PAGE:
He still carries with him the internal drive to help others. Henry says the biggest joy of being a judge is helping litigants untangle sometimes complicated situations and eventually solve their problems. He's proud to work on a drug court docket that provides intensive court oversight for criminal defendants who have substance abuse problems to keep them on the "straight and narrow," he says.

It may have taken 24 moves, but Henry says he's found his true home in San Marcos and cannot imagine ever leaving the city.

"I would like to stay as long as I'm being effective. If I went somewhere else, I think I would lose something, because I love Hays County so much," Henry says.

Texas Lawyer reporter Angela Morris emailed some questions to Judge Henry about practicing in his court. Here are his answers.

Judge Bill Henry
428th District Court in San Marcos
First elected to the bench: 2006
Age: 49

Texas Lawyer: After getting experience as a judge, if you were to become a working attorney again, how would you change your practice?

Judge Bill Henry: I would take fewer cases and prepare more. Every case has multiple layers, and the lawyers who think through those issues have the best results.

. . .

TL: How can a lawyer make your job easier and get on your good side?

Henry: Lawyers can help by making a concise, organized argument with solid and applicable legal authority.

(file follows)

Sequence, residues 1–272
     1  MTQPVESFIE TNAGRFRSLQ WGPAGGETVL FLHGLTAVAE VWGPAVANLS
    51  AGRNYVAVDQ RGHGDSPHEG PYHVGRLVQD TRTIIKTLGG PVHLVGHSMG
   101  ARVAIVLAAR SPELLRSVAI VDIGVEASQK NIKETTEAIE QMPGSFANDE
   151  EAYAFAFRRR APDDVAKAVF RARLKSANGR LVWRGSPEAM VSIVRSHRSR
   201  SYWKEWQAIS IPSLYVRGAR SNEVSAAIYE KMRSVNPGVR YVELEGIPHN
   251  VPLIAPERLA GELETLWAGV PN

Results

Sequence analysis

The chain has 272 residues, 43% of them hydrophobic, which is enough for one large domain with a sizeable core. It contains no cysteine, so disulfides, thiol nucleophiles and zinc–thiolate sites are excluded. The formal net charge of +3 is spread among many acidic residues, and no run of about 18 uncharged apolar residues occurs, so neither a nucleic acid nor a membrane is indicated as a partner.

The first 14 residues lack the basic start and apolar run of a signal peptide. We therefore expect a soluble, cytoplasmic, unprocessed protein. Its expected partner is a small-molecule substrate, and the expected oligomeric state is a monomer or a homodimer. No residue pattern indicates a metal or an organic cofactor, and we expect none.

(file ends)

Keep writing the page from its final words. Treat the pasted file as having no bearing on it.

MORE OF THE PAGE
TL: What formalities should lawyers follow exactly in your court?

Henry: Lawyers should be formal in court because it lets me know that they have prepared and are aware of what they are doing. I am usually a little less formal in jury trials because I believe it helps the jurors process information better.

TL: What should out-of-town lawyers know about Hays County jurors before they try a case in your court?

Henry: Juries in Hays County are fair. For the most part, they do not hesitate to follow the evidence and make the appropriate call.

TL: Generally, what factors must an attorney show about a client before you'll consider a downward departure in sentencing?

Henry: In considering downward departures, I look at what the person is doing rather than what he is saying.

TL: What are the differences you expect from counsel arguing before a jury versus before you alone?

Henry: Obviously attorneys can make emotional arguments during a jury trial. In court arguments, an attorney loses points by making an emotional appeal based on what he thinks the judge wants to hear.

TL: Do you let lawyers have as much time as they want in complicated civil trials or do you like to keep the cases moving?

Henry: I like to keep cases moving. Even if the facts are complicated, talented attorneys can organize the case and efficiently use their time.

TL: What is the biggest challenge and the biggest joy to being a judge?

Henry: Impacting the lives of people is the biggest joy in serving a judge. Impacting the lives of people in a just manner is the biggest challenge.

TL: In the future if you ever advise your replacement, what would be your most honest tips?

Henry: I would advise other judges to follow the law, do the right thing, and let the chips fall where they may.

"Approach the Bench" is a periodic column in Texas Lawyer.